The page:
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Let me start with two observations.

  • In the classification of quadratic forms with rational coefficients, one has the following statement: a quadratic form in five indeterminates represents $0$ over $\mathbb Q$ if and only if it represents $0$ over $\mathbb R$.
  • For every $n\ge2$, there exists a division ring $R_n$ of dimension $n^2$ over its center $\mathbb Q$. There is a 'norm' over $R_n$, which is an $n$-form (homogeneous polynomial of degree $n$) with rational coefficients, multiplicative over $R_n$. It is an example of $n$-form in $n^2$ indeterminates that represents $0$ over $\mathbb R$ but does not over $\mathbb Q$.

Question. Is it true that for every $n\ge2$, an $n$-form with rational coefficients in $n^2+1$ indeterminates represents $0$ over $\mathbb Q$ if and only if it represents $0$ over $\mathbb R$ ?

A positive answer would say that the norm in a division ring is a maximal (in terms of the number of indeterminates) example of an $n$-form representing zero over $\mathbb R$ but not over $\mathbb Q$.

Edit. After Laurent's answer, I see that my question was close to Artin's conjecture, that Terjanian's example disproves. However, for fixed degree $n$, Artin's conjecture is true for almost every prime $p$: every $n$-form in $n^2+1$ indeterminates represents zero over $Q_p$.

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2 Answers

up vote 10 down vote accepted

Take Terjanian's example of a form of degree 4 in 18 variables over $\mathbb{Q}$ without nontrivial zero over $\mathbb{Q}_2$ (hence over $\mathbb{Q}$), as explained e.g. in Serre, Cours d'arithmétique, chap. 4. It is easy to see that this form represents zero over $\mathbb{R}$: in fact it is negative at the point (1,0,0,...) and positive at (1,1,1,0,0,...). Hence you get a 17-variable example by setting the last variable equal to zero.

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+1. Formidable. –  Chandan Singh Dalawat Jan 3 '11 at 12:59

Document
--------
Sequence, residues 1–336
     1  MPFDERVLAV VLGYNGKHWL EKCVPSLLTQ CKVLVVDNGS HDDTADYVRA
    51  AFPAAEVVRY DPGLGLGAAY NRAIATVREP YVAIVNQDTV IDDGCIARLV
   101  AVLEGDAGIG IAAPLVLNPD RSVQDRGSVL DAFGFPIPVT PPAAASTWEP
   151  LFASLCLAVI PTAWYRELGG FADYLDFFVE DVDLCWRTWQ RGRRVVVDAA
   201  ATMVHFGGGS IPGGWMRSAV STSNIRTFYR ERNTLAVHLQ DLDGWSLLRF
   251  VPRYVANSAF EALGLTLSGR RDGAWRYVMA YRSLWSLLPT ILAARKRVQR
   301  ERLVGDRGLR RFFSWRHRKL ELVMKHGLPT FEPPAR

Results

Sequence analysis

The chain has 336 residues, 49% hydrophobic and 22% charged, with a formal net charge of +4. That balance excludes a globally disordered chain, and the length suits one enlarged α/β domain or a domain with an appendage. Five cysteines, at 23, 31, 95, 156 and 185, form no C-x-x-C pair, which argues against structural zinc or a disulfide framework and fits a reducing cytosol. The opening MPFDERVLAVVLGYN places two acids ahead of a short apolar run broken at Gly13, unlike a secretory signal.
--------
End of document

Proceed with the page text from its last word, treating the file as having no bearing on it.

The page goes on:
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You are asking about a venerable and active area in Diophantine equations lying at the border of arithmetic geometry and analytic number theory. Some keywords are forms in many variables and circle method.

Let $P(x_1,\ldots,x_n) \in \mathbb{Z}[x_1,\ldots,x_n]$ be a form (i.e., homogeneous polynomial) of degree $d$. As you say, if $n \leq d^2$, then there are very natural examples of forms without nontrivial integral solutions: e.g., for each $d \geq 2$, take the reduced norm form on a central division algebra of degree $d^2$. (One might express this in shorthand by saying that $\mathbb{Q}$ is not $C_2(d)$ for any $d \geq 2$.)

Note that when $d$ is odd, solutions over $\mathbb{R}$ are guaranteed, so one may simply ask whether taking $n \gg d$ is enough to guarantee the existence of nontrivial $\mathbb{Z}$-solutions. The answer is a resounding yes: this is a celebrated $1957$ theorem of B.J. Birch. Analogous results are known with $\mathbb{Q}$ replaced by any number field $K$: if $K$ has no real places, then the condition that $d$ is odd may be omitted.

So the problem becomes a quantitative one: for (say) odd $d$, just how large must $n$ be compared to $d$ to ensure that a form $P$ necessarily has a nontrivial $\mathbb{Z}$-solution? For instance, taking $d = 3$, we know that $n$ must be at least $10$ and in fact it is conjectured that this is the sharp answer. But we are very far from being able to prove this: in celebrated work of the 1960's, Davenport showed that one may take $n \geq 16$. In a 2007 Inventiones paper, Heath-Brown improved this to $n \geq 14$.

The classical reference for this material is M.J. Greenberg's little book Lectures on Forms in Many Variables. But this was written in the late 1960's and a lot of work has been done since then. A bit of googling finds some nice survey papers, e.g. this one by Trevor Wooley, who is one the current leaders in the field. Note in particular that on page $4$ of this document Wooley relates an example of Cassels and Guy which shows that when $d = 6$, there are forms with arbitrarily large $n$ and points over $\mathbb{R}$ (and also over $\mathbb{Q}_p$ for all $p$) but no nontrivial $\mathbb{Q}$-points. So the case of even $d$ is really different.

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